Man who lost testicle to cancer at just 18 is set to become a dad
When Dexter Gurney-Paddick from Bicester, Oxfordshire was 18, he was diagnosed with testicular cancer.
He had to have an operation to have his right testicle removed, going on to need gruelling chemotherapy as the disease had spread to his abdomen.
As well as the toll the disease took on his physical health was the mental strain these procedures – and the changes to his life – testicular cancer put on Dexter, especially after he got better.
Dexter, now 25, says: ‘
When I got the all clear in January 2018, that was the best feeling.
‘But it was from that point that my mental health deteriorated. I started to experience a lot of PTSD symptoms, like negative thoughts and reliving what I’d been through.
‘I was feeling a mixture of constant worry and fear. If there was the smallest thing wrong with me, I’d think it was cancer and that I was going to die.
‘I started to think the only thing I had going for me was that I’d beaten cancer.
‘I knew I should be proud of that, but I felt I’d not achieved anything else in life. When I got into that pattern of thought it would spoil everything for me.’
It was during this dark time in his life that he met the love of his life, retail assistant Morgan Biggs, 23.
They met at the Anytime Fitness gym in Bicester and became a couple in February 2019, when Dexter says Morgan helped him realise he ‘had a future’.
‘She was very patient with me and we started planning to have a family,’ says Dexter.
‘The chemotherapy can have an impact on your fertility, so I feel very lucky that we were able to conceive and are expecting our first child in September.’
Not only are they expecting a baby, but the couple have plans to get married once the lockdown situation is over.
Their planned June wedding was postponed due to the COVID-19 pandemic, so they’re now looking to tie the knot next year at a relative of Morgan’s farm in Piddington, Oxfordshire.
It hasn’t been an easy journey, though.
Dexter says: ‘Having the testicle removed did feel degrading. It definitely made me feel paranoid when it came to women, although they probably did not care.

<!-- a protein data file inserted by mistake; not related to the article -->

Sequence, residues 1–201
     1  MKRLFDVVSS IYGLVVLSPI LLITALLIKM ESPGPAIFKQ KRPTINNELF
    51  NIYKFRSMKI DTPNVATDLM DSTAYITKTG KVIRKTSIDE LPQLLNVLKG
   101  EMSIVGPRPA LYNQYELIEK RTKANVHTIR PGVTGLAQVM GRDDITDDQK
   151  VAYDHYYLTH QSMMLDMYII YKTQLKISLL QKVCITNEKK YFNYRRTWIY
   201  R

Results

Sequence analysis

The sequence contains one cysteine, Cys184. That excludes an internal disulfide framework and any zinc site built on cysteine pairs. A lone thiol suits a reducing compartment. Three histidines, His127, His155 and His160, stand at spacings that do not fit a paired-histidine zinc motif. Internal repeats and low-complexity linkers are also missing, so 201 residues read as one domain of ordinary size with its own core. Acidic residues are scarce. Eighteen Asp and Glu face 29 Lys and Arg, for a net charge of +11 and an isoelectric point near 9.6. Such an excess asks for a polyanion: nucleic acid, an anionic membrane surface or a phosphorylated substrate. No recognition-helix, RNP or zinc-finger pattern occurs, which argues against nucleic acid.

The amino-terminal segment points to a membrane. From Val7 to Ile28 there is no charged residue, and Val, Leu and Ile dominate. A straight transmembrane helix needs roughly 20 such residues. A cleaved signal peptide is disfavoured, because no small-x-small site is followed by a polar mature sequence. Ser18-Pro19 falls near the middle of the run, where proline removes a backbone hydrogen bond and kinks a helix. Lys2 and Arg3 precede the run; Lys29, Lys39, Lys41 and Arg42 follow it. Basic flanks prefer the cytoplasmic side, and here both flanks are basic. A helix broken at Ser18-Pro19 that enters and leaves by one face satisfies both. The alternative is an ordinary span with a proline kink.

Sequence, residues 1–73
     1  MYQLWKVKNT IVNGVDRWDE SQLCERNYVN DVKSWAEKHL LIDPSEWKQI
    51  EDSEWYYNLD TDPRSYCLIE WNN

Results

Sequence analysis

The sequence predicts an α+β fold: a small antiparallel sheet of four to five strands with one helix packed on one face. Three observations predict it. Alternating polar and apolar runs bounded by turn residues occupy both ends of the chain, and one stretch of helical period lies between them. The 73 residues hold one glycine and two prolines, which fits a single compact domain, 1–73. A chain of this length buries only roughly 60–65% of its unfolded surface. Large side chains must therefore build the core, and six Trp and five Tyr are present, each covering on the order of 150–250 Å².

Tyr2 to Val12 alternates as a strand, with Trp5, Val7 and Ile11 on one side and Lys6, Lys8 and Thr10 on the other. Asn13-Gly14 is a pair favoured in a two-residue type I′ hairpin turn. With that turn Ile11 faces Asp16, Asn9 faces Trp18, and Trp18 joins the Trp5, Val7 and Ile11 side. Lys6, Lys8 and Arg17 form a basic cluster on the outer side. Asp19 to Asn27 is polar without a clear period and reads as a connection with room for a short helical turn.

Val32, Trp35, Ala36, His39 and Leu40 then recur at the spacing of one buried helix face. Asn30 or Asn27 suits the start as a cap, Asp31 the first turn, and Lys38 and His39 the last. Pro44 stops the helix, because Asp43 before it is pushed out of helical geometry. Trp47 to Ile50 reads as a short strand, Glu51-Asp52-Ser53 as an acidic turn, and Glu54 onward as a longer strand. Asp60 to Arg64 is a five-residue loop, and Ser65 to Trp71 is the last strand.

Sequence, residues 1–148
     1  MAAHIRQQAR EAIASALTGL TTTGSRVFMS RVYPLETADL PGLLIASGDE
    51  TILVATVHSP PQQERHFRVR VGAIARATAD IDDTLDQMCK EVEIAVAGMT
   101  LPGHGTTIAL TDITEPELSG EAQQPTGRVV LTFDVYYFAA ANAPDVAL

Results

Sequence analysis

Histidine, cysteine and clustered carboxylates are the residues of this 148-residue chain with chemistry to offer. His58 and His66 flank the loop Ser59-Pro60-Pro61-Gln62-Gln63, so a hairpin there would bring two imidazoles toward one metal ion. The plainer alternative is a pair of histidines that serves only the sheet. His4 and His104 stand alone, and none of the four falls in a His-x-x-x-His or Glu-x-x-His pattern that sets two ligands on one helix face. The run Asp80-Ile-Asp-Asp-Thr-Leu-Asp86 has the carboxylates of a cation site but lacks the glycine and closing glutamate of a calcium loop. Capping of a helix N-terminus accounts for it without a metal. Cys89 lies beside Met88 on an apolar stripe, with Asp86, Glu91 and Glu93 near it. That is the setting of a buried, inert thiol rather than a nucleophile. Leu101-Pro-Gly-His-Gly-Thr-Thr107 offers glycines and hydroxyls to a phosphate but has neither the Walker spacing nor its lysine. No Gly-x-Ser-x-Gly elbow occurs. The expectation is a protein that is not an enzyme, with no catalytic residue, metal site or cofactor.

‘At first I was worried about being intimate with anyone. Being an 18-year-old with one testicle isn’t the easiest thing to deal with, but it’s a thing of the past now.
‘I do have my days when I look in the mirror and I can’t cope with looking at my scars, but then on other days I look at them and think they are awesome and that I should be proud of them.’
When Dexter was first diagnosed in 2012, he describes the feeling as ‘like in those adverts you see for cancer charities.’
‘Everything went hazy. I was fully aware of what the consultant was saying, but it was very surreal,’ he continued.
The operation to initially remove his testicle went ahead just five days after this ultrasound, but the harder part was yet to come.
Dexter opened up about his chemotherapy experience, saying: ‘
I was very arrogant towards chemotherapy. I was young, fit and healthy, I thought I was invincible. I thought I’d just feel a bit tired and lose my hair, but that was absolutely wrong.
‘At first, my symptoms were vomiting, but then I would get really bad hiccups that would reduce me to tears. I’d have them for hours non-stop and they’d really hurt my abdomen.’
The mental struggle of shaving off his hair and going through dark thoughts was extremely difficult for the former dance student.
Further procedures followed, and Dexter developed OCD.
He says, ‘I would do weird things like if I didn’t make my bed properly, I’d think I’d somehow get cancer. There was no logic behind it.
‘Everything I did had to be in even numbers, like if I didn’t place two feet on the kerb when crossing the road, I’d think I’d get cancer and have to walk back to do it again.
‘It really impacted my life. I did see a counsellor, but I struggled with admitting I had an issue.’
When he met Morgan, however, many of the mental symptoms he’d had let up somewhat due to the support he has.
‘Morgan is very caring and understanding when it comes to my mental health and always knows what to do and say when I am feeling low,’ Dexter said.
‘She is beautiful and has a personality to match that!’
Dexter wants young men to know that they shouldn’t feel embarrassed about going to the doctor to get their testicles checked, or feel scared about the prospect of having a testicle removed like he did.
He said: ‘People hear cancer and put it together with death, but they shouldn’t. Cancer, especially testicular cancer, does not have to be a death sentence.
‘I was petrified, so I waited to go the doctor, but don’t wait like I did.
‘The worst thing about it for me was the chemotherapy, not having the testicle removed, so if I could have avoided that by going to the doctor earlier, I would have done.
‘Life is so short. Every day I feel lucky that I’m still here. I’ve got a lot to look forward to and I’m excited for the future.’
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